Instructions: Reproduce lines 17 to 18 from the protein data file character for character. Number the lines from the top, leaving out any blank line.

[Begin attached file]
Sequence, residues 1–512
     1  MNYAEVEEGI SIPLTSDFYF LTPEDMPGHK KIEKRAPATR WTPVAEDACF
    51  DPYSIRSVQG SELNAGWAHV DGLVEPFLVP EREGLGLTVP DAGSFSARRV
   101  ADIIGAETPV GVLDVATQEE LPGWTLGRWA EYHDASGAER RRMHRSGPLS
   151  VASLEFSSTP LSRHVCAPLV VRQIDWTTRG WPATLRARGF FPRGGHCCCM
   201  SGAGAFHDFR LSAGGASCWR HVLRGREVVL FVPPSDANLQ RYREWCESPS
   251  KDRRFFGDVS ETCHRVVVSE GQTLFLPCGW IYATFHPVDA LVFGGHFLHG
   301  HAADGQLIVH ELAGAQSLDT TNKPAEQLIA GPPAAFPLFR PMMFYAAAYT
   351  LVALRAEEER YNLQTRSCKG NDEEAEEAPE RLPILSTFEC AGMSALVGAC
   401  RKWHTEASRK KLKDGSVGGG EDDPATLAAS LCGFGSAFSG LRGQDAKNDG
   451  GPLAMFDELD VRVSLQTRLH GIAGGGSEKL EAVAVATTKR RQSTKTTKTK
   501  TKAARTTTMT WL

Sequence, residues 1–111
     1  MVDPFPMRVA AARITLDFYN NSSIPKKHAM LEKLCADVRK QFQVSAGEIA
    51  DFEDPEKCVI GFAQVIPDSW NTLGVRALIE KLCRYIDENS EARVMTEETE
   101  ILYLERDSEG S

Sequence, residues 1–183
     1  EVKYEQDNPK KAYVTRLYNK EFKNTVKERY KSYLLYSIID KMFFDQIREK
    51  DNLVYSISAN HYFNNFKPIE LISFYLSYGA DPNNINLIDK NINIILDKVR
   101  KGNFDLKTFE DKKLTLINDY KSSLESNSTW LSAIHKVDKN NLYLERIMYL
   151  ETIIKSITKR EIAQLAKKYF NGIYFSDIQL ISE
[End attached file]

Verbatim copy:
Sequence, residues 1–183
     1  EVKYEQDNPK KAYVTRLYNK EFKNTVKERY KSYLLYSIID KMFFDQIREK